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dc.contributor.authorHughes, Jane M
dc.contributor.authorSchmidt, Daniel J
dc.contributor.authorHuey, Joel A
dc.contributor.authorReal, Kathryn M
dc.contributor.authorEspinoza, Thomas
dc.contributor.authorMcDougall, Andrew
dc.contributor.authorKind, Peter K
dc.contributor.authorBrooks, Steven
dc.contributor.authorRoberts, David T
dc.date.accessioned2017-10-30T12:31:10Z
dc.date.available2017-10-30T12:31:10Z
dc.date.issued2015
dc.identifier.issn1932-6203
dc.identifier.doi10.1371/journal.pone.0121858
dc.identifier.urihttp://hdl.handle.net/10072/129520
dc.description.abstractThe Australian lungfish is a unique living representative of an ancient dipnoan lineage, listed as 'vulnerable' to extinction under Australia's Environment Protection and Biodiversity Conservation Act 1999. Historical accounts indicate this species occurred naturally in two adjacent river systems in Australia, the Burnett and Mary. Current day populations in other rivers are thought to have arisen by translocation from these source populations. Early genetic work detected very little variation and so had limited power to answer questions relevant for management including how genetic variation is partitioned within and among sub-populations. In this study, we use newly developed microsatellite markers to examine samples from the Burnett and Mary Rivers, as well as from two populations thought to be of translocated origin, Brisbane and North Pine. We test whether there is significant genetic structure among and within river drainages; assign putatively translocated populations to potential source populations; and estimate effective population sizes. Eleven polymorphic microsatellite loci genotyped in 218 individuals gave an average within-population heterozygosity of 0.39 which is low relative to other threatened taxa and for freshwater fishes in general. Based on FST values (average over loci = 0.11) and STRUCTURE analyses, we identify three distinct populations in the natural range, one in the Burnett and two distinct populations in the Mary. These analyses also support the hypothesis that the Mary River is the likely source of translocated populations in the Brisbane and North Pine rivers, which agrees with historical published records of a translocation event giving rise to these populations. We were unable to obtain bounded estimates of effective population size, as we have too few genotype combinations, although point estimates were low, ranging from 29 - 129. We recommend that, in order to preserve any local adaptation in the three distinct populations that they be managed separately.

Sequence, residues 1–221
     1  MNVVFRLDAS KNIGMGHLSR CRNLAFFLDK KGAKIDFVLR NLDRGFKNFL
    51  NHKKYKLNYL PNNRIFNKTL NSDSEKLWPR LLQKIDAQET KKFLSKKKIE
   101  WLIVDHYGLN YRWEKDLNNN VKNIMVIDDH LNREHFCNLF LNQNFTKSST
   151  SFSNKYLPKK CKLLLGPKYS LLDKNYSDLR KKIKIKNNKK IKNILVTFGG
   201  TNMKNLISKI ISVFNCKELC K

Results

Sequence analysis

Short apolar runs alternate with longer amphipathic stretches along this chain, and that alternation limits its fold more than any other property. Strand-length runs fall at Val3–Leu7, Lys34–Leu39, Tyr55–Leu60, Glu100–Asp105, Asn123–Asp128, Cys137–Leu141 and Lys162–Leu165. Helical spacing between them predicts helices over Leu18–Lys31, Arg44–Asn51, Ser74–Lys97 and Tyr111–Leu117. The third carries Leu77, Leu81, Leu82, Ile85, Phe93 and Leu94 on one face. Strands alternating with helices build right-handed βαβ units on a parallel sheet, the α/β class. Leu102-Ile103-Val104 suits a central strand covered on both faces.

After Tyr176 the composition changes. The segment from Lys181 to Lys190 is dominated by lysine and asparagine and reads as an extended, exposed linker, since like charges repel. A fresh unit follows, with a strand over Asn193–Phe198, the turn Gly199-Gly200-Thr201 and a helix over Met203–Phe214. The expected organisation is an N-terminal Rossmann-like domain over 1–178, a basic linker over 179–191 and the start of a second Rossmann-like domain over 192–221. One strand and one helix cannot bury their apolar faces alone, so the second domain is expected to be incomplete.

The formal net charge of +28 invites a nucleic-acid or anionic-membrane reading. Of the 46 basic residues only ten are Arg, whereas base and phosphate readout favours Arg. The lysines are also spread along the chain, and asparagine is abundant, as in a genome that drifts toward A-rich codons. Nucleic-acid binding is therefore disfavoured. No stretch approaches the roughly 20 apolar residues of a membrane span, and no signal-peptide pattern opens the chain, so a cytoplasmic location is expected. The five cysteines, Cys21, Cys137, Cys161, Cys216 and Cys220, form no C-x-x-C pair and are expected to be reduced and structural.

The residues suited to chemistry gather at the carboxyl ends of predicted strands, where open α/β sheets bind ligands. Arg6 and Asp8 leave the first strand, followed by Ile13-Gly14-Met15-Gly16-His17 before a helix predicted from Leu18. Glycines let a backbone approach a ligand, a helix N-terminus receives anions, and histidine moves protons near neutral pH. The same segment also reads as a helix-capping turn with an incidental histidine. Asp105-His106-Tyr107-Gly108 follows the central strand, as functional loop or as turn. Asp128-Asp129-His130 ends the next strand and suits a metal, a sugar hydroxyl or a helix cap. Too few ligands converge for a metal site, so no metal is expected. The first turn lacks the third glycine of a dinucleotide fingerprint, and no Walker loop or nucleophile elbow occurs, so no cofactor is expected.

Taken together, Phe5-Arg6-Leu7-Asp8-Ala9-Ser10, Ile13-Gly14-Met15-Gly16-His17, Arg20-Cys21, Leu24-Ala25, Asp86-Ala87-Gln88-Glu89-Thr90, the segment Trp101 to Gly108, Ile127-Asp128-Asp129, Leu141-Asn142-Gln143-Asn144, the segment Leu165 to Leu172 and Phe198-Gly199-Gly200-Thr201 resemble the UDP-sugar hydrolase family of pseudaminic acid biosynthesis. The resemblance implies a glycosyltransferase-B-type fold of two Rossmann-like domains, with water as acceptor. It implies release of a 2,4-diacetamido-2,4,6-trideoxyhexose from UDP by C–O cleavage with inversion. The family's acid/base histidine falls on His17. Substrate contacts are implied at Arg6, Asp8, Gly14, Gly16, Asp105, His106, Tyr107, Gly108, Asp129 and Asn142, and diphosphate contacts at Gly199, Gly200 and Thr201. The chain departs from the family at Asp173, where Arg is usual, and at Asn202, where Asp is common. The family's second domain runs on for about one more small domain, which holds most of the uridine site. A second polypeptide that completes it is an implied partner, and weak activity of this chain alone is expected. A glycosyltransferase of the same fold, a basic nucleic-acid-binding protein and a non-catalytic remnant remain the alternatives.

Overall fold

dc.description.peerreviewedYes
dc.languageEnglish
dc.language.isoeng
dc.publisherPublic Library of Science
dc.publisher.placeUnited States
dc.relation.ispartofpagefrome0121858-1
dc.relation.ispartofpagetoe0121858-10
dc.relation.ispartofissue4
dc.relation.ispartofjournalPloS One
dc.relation.ispartofvolume10
dc.subject.fieldofresearchGenetics not elsewhere classified
dc.subject.fieldofresearchcode310599
dc.titleExtremely Low Microsatellite Diversity but Distinct Population Structure in a Long-Lived Threatened Species, the Australian Lungfish Neoceratodus forsteri (Dipnoi)
dc.typeJournal article
dc.type.descriptionC1 - Articles
dc.type.codeC - Journal Articles
dcterms.licensehttp://creativecommons.org/licenses/by/4.0/
dc.description.versionVersion of Record (VoR)
gro.facultyGriffith Sciences, Griffith School of Environment
gro.rights.copyright© 2015 Hughes et al. This is an open access article distributed under the terms of the Creative Commons Attribution License, which permits unrestricted use, distribution, and reproduction in any medium, provided the original author and source are credited.
gro.hasfulltextFull Text
gro.griffith.authorHughes, Jane M.
gro.griffith.authorSchmidt, Daniel J.


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